Whole foods opened in Knoxville last week. Although I had every intention of braving the crowds that first day, there was little point. It was one of those busy weeks, where I was mostly out of the house, aside for breakfast and two other meals, which I already had covered.
Still, I was excited. Although I've never lived in a town with a Whole Foods, I've been a fan since the mid 80's, when Whole Foods began their expansion across my native state of Texas. There were many years I purchased items at Whole Foods to carry back to New York in my suitcase. I was thrilled when they opened a small store (much like the Knoxville store) in White Plains, and George and I would stop at the Columbus Circle Whole Foods for sustenance and snacks for the train ride home when we went to concerts at Lincoln Center.
And so, I knew I would be happy when I walked through Whole Foods on Monday. I was not disappointed. The produce I saw on that first visit would be enough of a reason for me to shop at there, as I have truly despaired of the quality of produce found in the stores in this town, especially the vegetables, and I eat a lot of vegetables, especially of the leafy green variety. Initial impressions are good, but only time will tell how the produce department holds up. Many times I have been momentarily thrilled only to be disappointed over the long haul. Of course, I have been spoiled by many years of buying produce from local farms; and grocery stores, unless they make an effort to source locally, cannot compete. Come May, I will be once again probably buying most of my produce from local farmers.
They had samples of melons the day I went, but they weren't particularly ripe. Aside from berries, I don't buy that much fruit, except for berries and perhaps green papayas and avocados. Otherwise, I think of fruit as a dessert. If you eat a lot of what I think of as standard fruits: grapes and apples and bananas, I would agree that one is better off elsewhere. But I think of grapes and bananas as sugar balls or sugar on a stick, and they are rare treats for me. And grocery stores aren't usually the best source for really fresh seasonal fruits anyway, although Whole Foods may be better than most. I suppose this is another side effect of buying from farmers: I want my fruit to taste and smell like it is fully ripe, like it is supposed to taste and smell. If fruit is a seasonal indulgence, I can live with that.
As to the "Whole Paycheck" reputation of the store, that has never really bothered me. I've never been one that will sacrifice quality to save money and am pretty immune to the cost of food if the quality lives up to expected standards. I agree that high cost does not guarantee quality, but I increasingly believe that we have gotten so used to cheap that we have forgotten about the quality of what we use to nourish our bodies, and this has taken a toll on our health. That doesn't mean I don't have a budget. I do and I stick to it, but nothing upsets me more than throwing out food, be it food that I bought too much of and didn't eat, or produce that looked good and spoiled more quickly than it should of. If I want chicken it will be organic and free range; if I want beef or fish, they will be of similar suitable quality; if I want parmesan, it will be aged parmigiano reggiano or I simply will adapt my menus to do without. That doesn't mean I buy only expensive items, but it means that I buy with care, only what I truly like, and only what I will truly use. I cook rather than depend on packaged foods. Studies show that cooking only actually takes a few minutes longer than preparing meals with packaged foods, and is healthier to boot. Cooking does however, require time in thought and planning, at least until one gets a few basics under one's belt. But basics are not complicated and can lead to an infinite array of options.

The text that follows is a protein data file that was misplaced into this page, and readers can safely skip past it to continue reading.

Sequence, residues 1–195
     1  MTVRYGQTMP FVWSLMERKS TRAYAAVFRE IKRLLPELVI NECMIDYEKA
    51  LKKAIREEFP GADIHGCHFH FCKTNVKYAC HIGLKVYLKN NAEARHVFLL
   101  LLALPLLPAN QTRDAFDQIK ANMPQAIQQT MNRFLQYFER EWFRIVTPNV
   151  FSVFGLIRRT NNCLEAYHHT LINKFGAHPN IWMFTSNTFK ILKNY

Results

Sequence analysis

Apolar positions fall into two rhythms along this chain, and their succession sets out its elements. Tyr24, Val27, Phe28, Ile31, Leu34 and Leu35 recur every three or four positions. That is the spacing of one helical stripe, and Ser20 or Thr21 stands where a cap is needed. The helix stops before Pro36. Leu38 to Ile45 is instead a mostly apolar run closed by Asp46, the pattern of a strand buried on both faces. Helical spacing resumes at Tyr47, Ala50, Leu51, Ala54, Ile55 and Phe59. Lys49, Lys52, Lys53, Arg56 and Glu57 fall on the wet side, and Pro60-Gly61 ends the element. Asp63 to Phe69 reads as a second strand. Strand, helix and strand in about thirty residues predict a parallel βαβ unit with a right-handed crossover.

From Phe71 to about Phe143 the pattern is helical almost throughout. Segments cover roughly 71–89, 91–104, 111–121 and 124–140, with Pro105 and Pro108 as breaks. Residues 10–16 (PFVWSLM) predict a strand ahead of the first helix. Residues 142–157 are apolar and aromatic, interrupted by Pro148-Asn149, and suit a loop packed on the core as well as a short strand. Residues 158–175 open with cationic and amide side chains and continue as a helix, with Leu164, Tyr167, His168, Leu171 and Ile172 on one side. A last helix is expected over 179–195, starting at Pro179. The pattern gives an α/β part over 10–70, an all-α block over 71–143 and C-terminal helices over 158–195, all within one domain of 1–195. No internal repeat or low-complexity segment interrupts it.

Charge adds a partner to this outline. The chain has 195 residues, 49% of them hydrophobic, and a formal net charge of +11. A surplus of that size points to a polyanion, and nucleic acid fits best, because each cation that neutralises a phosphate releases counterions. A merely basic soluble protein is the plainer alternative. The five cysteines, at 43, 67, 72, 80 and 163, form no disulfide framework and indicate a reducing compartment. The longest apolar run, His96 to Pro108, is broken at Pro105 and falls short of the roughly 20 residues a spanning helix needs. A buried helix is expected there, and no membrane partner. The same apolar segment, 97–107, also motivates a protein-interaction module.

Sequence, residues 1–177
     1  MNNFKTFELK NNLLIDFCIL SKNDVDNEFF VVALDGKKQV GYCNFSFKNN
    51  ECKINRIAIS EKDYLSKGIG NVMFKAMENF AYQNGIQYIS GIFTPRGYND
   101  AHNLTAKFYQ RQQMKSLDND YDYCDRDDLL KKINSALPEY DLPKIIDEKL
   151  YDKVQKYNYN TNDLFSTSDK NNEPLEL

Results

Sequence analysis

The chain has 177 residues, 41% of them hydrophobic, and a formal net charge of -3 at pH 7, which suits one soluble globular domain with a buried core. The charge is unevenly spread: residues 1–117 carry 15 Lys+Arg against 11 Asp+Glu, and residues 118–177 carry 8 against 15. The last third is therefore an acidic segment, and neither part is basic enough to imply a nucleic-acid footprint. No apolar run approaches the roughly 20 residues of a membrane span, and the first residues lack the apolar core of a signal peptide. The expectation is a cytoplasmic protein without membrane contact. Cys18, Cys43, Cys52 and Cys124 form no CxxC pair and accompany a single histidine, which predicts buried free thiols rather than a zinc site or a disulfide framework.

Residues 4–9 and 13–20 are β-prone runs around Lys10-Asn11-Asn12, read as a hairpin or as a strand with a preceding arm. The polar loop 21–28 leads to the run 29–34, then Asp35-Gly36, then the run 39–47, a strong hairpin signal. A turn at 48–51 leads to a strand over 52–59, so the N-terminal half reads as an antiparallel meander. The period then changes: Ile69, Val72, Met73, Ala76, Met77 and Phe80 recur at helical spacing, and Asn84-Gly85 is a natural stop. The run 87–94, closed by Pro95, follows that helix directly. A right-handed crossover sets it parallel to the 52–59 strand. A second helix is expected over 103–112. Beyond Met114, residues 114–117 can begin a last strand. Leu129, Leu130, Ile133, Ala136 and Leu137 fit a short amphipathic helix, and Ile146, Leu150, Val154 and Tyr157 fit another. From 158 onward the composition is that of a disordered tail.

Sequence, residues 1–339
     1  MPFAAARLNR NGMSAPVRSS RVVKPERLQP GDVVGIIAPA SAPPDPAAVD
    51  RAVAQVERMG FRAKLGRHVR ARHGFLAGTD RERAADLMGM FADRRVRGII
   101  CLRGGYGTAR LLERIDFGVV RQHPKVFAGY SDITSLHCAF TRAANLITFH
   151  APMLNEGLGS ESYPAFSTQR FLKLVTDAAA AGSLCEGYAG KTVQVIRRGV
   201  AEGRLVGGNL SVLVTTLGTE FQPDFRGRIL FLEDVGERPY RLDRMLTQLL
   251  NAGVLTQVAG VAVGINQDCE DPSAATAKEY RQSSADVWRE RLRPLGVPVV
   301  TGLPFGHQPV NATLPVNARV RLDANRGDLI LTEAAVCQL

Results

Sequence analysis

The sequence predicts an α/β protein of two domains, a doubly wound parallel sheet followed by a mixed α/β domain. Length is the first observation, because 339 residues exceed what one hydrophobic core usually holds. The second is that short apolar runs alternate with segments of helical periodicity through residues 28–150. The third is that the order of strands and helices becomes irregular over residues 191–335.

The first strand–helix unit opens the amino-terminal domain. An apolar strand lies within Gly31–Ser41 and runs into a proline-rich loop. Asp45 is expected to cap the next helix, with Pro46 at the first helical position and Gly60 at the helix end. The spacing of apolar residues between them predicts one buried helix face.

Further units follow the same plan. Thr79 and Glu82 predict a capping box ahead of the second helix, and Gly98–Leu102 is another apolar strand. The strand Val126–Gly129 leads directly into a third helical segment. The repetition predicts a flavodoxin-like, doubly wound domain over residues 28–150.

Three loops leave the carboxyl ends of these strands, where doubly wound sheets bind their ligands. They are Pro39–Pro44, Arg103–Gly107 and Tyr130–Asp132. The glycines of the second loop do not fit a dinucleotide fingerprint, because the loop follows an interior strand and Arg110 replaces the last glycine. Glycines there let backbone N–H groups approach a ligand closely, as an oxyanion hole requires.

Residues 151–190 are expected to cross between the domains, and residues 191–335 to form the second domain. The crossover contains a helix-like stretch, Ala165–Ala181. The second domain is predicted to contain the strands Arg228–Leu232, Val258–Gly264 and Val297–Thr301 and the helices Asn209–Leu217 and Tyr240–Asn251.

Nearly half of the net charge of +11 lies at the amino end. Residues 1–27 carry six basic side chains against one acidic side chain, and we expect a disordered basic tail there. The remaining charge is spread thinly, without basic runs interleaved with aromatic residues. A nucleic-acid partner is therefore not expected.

George and I would have made short work of one of those Spanish mackerels, but alas they were slightly too large for one, There is a very good fish market in Knoxville, and a good butcher as well, and I will continue to support them, but the fish market and the meat market both look good, and expanded options never hurt. And although I like to buy local organic free-range chickens, doing so requires some planning and there are times when I just want chicken now and appreciate the option of being able to buy it without driving clear across town. The local Earth Fare carries organic chicken, but the supply at the Bearden branch is slim, and driving across town to Farragut makes for very expensive chicken. If Whole Foods maintains their selection of meats and poultry I will be a customer.
And yes, even though I don't' buy a lot of packaged foods, I do buy some things and I did wander the aisles. There are some things here, and especially gluten-free choices, corralled in one place, that I would usually have to go to three or four stores to acquire, stores that are on opposite ends of town. Even if the prices are slightly higher, and I didn't check, buying them at Whole Foods is still cheaper than the vehicular cost (both in gas and maintenance) of driving around town, Yes I am a nerd that way. That is not even considering the things now available in Knoxville that I previously had to acquire through the internet. So perhaps, from my perspective, this makes Knoxville even more livable. It won't be my only store, but then I have never found one store, anywhere, that could be my only store. It certainly expands the options.